BecA-ILRI Hub scientist Gerardine Mukeshimana appointed Minister for Agriculture and Animal Resources in Rwanda


Gerardine Mukeshimana, a plant molecular biologist at the Biosciences eastern and central Africa-International Livestock Research Institute (BecA-ILRI Hub) has been appointed Minister for Agriculture and Animal Resources in Rwanda.

Until her swearing in on 24 July 2014, Mukeshimana was a key member of a research team at the BecA-ILRI Hub that is developing strategies for the control aphid-transmitted virus diseases in the common bean in smallholder farming systems in Africa. Mukeshimana contributed greatly to BecA-ILRI Hub’s efforts in building the capacity of institutions and individuals in the African national research systems in biosciences-related crop research through knowledge transfer and resource mobilization and was an ambassador of the BecA-ILRI Hub’s vision for the transformation of Africa through agriculture at international forums, most recently the Molecular Plant-Microbe Interaction conference held from 6-10 July 2014 in Greece.

‘This is tremendous news and we will do all we can to support her,’ said Jimmy Smith, the director general of ILRI, who congratulated her on the appointment.

‘Gerardine’s appointment is recognition of the values of a true scientist, a great leader, and a strong advocate for African agricultural development that we all saw in her,’ said Djikeng, the director of the BecA-ILRI Hub.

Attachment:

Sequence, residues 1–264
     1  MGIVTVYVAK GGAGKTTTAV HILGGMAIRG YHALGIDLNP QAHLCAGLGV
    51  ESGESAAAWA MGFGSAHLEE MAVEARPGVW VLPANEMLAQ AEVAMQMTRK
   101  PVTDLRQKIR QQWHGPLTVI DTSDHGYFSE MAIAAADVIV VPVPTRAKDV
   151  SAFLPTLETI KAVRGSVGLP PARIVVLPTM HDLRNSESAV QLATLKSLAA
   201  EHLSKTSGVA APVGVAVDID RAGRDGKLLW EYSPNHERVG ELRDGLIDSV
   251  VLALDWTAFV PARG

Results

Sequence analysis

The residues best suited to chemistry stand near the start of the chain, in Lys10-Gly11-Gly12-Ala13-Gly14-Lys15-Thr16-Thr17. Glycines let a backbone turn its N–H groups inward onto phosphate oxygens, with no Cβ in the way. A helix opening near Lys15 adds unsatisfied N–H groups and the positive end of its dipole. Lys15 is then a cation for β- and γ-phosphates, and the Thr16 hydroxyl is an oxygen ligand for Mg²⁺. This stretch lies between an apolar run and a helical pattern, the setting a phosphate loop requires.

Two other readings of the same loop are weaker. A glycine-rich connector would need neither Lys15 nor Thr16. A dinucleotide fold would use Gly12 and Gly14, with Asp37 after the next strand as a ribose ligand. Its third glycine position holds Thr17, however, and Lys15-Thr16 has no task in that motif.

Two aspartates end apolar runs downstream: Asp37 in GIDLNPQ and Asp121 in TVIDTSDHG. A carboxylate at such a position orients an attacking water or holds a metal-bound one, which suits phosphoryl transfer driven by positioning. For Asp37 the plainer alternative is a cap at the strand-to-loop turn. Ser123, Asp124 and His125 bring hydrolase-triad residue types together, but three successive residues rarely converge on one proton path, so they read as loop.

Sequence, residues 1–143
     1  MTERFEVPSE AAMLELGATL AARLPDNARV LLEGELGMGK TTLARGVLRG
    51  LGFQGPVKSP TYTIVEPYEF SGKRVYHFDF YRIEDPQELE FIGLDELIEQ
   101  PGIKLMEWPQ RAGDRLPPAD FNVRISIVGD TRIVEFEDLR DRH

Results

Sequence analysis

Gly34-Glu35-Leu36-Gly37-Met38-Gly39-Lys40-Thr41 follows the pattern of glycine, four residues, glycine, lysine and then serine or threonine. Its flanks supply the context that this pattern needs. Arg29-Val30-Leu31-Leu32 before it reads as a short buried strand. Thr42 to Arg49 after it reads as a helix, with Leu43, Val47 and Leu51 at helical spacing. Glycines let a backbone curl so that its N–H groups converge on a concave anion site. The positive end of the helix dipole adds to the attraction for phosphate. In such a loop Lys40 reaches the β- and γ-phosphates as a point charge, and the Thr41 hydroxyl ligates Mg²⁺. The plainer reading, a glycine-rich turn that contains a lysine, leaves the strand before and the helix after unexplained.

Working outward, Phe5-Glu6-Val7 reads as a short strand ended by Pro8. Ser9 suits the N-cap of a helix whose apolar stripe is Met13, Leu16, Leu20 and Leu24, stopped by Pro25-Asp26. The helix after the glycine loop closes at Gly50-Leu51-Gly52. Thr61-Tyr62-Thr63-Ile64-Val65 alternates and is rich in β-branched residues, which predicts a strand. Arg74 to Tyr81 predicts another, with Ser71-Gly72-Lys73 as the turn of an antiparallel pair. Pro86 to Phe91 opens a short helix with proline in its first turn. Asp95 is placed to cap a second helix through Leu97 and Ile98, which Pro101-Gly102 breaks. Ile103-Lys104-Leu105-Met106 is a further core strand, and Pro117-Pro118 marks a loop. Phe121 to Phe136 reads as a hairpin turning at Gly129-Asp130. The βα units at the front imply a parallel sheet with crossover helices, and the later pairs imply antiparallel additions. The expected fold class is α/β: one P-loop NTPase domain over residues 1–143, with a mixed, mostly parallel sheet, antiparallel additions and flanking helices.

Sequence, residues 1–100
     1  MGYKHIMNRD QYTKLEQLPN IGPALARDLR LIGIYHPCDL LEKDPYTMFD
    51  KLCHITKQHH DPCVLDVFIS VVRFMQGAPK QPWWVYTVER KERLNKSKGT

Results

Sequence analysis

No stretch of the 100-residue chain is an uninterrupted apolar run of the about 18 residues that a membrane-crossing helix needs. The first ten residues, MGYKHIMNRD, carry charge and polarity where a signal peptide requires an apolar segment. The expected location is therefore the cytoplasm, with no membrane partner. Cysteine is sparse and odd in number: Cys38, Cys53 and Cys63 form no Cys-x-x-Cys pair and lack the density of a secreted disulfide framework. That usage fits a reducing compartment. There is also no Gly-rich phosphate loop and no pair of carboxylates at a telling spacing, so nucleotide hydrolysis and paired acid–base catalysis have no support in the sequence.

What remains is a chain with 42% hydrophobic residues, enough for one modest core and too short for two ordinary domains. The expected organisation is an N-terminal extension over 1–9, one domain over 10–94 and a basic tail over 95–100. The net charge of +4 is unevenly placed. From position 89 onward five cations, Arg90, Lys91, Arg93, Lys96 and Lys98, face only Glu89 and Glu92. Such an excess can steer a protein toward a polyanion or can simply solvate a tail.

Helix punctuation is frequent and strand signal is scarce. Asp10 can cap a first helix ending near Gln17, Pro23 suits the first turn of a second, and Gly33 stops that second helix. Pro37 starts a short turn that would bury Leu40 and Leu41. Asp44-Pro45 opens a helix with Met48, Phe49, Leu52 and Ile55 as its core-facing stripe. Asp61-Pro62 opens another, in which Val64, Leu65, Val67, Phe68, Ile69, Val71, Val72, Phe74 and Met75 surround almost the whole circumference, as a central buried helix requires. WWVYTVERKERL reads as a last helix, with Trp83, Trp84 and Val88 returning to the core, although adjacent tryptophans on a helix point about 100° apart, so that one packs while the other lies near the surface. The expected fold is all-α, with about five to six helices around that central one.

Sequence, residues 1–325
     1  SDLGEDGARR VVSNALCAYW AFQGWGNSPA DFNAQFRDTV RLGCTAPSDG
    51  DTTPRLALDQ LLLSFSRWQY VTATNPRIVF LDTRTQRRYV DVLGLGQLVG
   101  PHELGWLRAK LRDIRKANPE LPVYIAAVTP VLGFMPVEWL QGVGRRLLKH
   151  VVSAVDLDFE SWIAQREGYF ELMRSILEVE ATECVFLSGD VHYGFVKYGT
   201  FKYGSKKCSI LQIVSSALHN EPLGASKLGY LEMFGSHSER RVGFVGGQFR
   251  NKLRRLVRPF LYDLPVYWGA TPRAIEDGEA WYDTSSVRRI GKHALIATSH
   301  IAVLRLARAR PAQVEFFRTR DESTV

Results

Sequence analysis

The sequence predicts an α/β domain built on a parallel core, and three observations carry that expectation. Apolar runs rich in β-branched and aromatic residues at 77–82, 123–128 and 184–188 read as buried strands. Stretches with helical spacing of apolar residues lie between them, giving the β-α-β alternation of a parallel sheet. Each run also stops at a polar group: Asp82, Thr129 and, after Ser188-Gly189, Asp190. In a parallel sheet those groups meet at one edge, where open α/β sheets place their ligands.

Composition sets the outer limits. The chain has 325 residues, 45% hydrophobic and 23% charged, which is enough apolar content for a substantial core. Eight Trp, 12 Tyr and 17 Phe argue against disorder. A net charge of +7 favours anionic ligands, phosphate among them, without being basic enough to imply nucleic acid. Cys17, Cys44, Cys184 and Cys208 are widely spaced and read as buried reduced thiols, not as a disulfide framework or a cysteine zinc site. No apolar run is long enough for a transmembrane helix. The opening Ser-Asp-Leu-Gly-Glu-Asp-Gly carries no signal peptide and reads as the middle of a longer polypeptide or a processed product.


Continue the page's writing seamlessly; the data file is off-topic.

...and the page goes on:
‘We are excited by this appointment and believe that it is a testament to the importance of the work we do at the BecA-ILRI Hub and the caliber of the people that we attract for our mission at ILRI’ said Djikeng.           

Mukeshimana’s passion to make food and nutritional security in Africa a reality has resulted in her recognition for international awards. In 2012, she was acknowledged by the United States Agency for International Development’s Board for International Food & Agriculture Development (BIFAD) for her significant contributions to the breeding of the common bean for drought tolerance and disease resistance. She also received a Norman Borlaug Leadership Enhancement in Agriculture Program (Borlaug LEAP) fellowship for her contributions to breeding of the common bean, which enabled her PhD research in plant breeding, genetic, and biotechnology at Michigan State University and the International Center for Tropical Agriculture (CIAT).

 ‘Mukeshimana is a true example of African scientists in the diaspora who are ready to transform Africa through agriculture,’ said Jagger Harvey, a research scientist at the BecA-ILRI Hub who has been working closely with Mukeshimana in the bean project alongside other experts from Cambridge University, Rothamsted Research and the International Center for Tropical Agriculture (CIAT).

‘I am absolutely pleased and proud of Mukeshimana’s appointment and it gives her an opportunity to contribute to African agricultural research at a larger scale,’ said John Carr, a researcher in the department of plant science at the University of Cambridge and principal investigator in the bean project.

Mukeshimana has previously served in different roles in education, agriculture, and rural development sectors in Rwanda and she has conducted research in Africa, South America, and US.  She holds both PhD and MSc degrees in plant breeding, genetics, and biotechnology from Michigan State University, and an Agriculture engineering degree from the National University of Rwanda.

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